Third-degree murder count against ex-officer in Floyd death could be reinstated

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Derek Chauvin mugshot (Credit: Hennepin County Sheriff’s Office)

MINNEAPOLIS (AP) — The Minnesota Court of Appeals on Friday ordered a judge to reconsider adding a third-degree murder charge against a former Minneapolis police officer charged in George Floyd’s death, handing a potential victory to prosecutors, but setting up a possible delay to a trial set to start next week.

A three-judge panel said Hennepin County District Judge Peter Cahill erred last fall when he rejected a prosecution motion to reinstate the third-degree murder charge against Derek Chauvin. The panel said Cahill should have followed the precedent set by the appeals court last month when it affirmed the third-degree murder conviction of former officer Mohamed Noor in the 2017 shooting death of Justine Ruszczyk Damond. The unarmed Australian woman had called 911 to report a possible sexual assault.

The appeals court sent the case back to Cahill for a ruling consistent with its ruling in the Noor case, giving the judge some leeway to consider other arguments that the defense might make against reinstating the charge.

“This court’s precedential opinion in Noor became binding authority on the date it was filed. The district court therefore erred by concluding that it was not bound by the principles of law set forth in Noor and by denying the state’s motion to reinstate the charge of third-degree murder on that basis,” the appeals court wrote.

It was not immediately clear if Friday’s ruling would force a delay in jury selection for Chauvin’s case, which is due to start Monday. He’s currently charged with second-degree murder and manslaughter. Prosecutors did not immediately return a message seeking comment on whether they would seek a delay. Chauvin’s attorney had no comment.

Chauvin has the option of appealing the ruling to the Minnesota Supreme Court, which would force Cahill to delay the trial, said Ted Sampsell-Jones, a criminal law expert at the Mitchell Hamline School of Law. But if Chauvin decides not to appeal, the professor added, “then Judge Cahill will almost certainly reinstate the third-degree charge.”

And if Chauvin decides not to appeal, Sampsell-Jones said, Cahill could still begin jury selection Monday, then decide in the next three weeks — before opening arguments — whether to reinstate the charge.

A reinstated third-degree murder count could increase the prosecution’s odds of getting a murder conviction.

“We believe the Court of Appeals decided this matter correctly,” Minnesota Attorney General Keith Ellison said in a statement. “We believe the charge of 3rd-degree murder, in addition to manslaughter and felony murder, reflects the gravity of the allegations against Mr. Chauvin. Adding this charge is an important step forward in the path toward justice. We look forward to presenting all charges to the jury in Hennepin County.”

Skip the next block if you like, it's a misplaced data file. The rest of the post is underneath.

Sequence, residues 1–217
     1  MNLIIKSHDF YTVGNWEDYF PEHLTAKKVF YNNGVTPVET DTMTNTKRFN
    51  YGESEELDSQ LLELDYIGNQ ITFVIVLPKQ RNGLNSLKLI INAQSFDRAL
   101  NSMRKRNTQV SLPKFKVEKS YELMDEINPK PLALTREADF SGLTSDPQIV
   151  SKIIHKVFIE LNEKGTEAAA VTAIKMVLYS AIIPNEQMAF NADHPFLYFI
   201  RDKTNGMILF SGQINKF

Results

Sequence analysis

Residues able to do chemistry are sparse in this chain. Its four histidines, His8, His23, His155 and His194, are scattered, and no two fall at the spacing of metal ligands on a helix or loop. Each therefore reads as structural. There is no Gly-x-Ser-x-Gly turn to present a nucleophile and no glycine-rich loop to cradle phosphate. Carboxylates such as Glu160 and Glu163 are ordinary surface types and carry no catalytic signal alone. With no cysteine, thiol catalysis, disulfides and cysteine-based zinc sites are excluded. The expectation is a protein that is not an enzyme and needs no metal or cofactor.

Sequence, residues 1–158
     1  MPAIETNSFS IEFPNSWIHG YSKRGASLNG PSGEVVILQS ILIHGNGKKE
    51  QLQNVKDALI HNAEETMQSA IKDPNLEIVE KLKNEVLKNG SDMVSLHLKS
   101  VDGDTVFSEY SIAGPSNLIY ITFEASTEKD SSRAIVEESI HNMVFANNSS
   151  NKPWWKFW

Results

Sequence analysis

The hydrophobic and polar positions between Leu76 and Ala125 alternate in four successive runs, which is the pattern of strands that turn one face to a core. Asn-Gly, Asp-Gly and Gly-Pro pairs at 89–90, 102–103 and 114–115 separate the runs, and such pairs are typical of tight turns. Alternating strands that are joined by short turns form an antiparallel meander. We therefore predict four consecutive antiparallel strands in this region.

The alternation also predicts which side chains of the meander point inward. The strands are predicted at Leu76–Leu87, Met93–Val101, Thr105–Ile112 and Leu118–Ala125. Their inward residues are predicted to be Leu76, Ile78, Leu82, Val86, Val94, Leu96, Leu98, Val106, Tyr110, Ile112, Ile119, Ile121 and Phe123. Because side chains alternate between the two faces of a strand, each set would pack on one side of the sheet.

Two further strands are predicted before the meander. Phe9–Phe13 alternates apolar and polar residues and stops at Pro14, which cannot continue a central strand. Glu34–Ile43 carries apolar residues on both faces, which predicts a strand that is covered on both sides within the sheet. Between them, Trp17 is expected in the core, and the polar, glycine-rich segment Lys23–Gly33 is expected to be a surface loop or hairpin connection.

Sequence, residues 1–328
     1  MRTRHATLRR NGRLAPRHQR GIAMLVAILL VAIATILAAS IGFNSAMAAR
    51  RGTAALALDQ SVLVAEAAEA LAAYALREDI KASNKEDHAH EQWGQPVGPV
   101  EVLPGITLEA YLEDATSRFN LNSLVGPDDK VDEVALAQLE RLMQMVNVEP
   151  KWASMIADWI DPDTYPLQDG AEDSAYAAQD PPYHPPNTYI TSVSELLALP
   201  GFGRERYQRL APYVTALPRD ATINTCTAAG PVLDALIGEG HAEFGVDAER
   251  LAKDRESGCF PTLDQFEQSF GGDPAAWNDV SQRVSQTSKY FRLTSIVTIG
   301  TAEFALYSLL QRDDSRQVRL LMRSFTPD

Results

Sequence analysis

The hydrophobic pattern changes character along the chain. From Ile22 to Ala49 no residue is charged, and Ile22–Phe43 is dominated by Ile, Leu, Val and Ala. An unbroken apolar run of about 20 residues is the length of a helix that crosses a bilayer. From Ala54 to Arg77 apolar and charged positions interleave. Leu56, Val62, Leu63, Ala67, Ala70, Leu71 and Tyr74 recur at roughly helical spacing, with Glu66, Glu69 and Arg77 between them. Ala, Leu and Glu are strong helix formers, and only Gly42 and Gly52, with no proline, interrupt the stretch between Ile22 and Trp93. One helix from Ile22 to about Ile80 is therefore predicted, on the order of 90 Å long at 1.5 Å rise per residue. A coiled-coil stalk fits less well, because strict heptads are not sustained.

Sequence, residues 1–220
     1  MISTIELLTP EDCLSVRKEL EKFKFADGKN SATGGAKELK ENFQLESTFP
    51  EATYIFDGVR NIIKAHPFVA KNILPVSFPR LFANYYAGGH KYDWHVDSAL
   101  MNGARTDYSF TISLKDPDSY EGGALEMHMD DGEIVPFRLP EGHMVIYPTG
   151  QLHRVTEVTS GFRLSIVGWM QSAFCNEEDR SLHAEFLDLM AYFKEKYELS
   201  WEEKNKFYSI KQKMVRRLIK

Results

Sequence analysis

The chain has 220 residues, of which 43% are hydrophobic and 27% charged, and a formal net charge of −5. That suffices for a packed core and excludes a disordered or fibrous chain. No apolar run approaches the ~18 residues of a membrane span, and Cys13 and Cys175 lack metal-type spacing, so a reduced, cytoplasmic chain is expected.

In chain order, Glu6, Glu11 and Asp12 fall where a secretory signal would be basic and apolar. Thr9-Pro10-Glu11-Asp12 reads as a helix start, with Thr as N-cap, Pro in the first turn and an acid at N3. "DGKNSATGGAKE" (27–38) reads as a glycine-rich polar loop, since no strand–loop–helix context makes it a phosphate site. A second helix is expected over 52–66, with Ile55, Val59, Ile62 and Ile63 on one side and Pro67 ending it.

Floyd, who was Black, died May 25 after Chauvin, who is white, pressed his knee on Floyd’s neck while he was handcuffed and pleading that he couldn’t breathe. In the wake of his death, civil unrest spiraled into violence locally. Protests spread worldwide and forced a painful reckoning on racial justice in the U.S.

With tensions growing over the looming trial, authorities have already surrounded the courthouse and nearby buildings in downtown Minneapolis with tall barriers of chain-link fencing and razor wire in case protests anticipated before, during and after the trial turn violent.

Cahill ruled last October that third-degree murder under Minnesota law requires proof that someone’s conduct was “eminently dangerous to others,” plural, not just to Floyd. Cahill said there was no evidence that Chauvin endangered anyone else and threw out the charge. But the Court of Appeals rejected similar legal reasoning in Noor’s case, ruling that a third-degree murder conviction can be sustained even if the action that caused a victim’s death was directed at just one person.

The appeals court rejected the argument by Chauvin’s attorney that the Noor ruling shouldn’t have the force of law unless and until it’s affirmed by the Minnesota Supreme Court, which will hear oral arguments in Noor’s appeal in June.

Three other former officers — Thomas Lane, J. Kueng and Tou Thao — are charged with aiding and abetting second-degree murder and manslaughter. They’re scheduled for trial in August. Prosecutors want to add charges of aiding and abetting third-degree murder against them, but that question will be resolved later.

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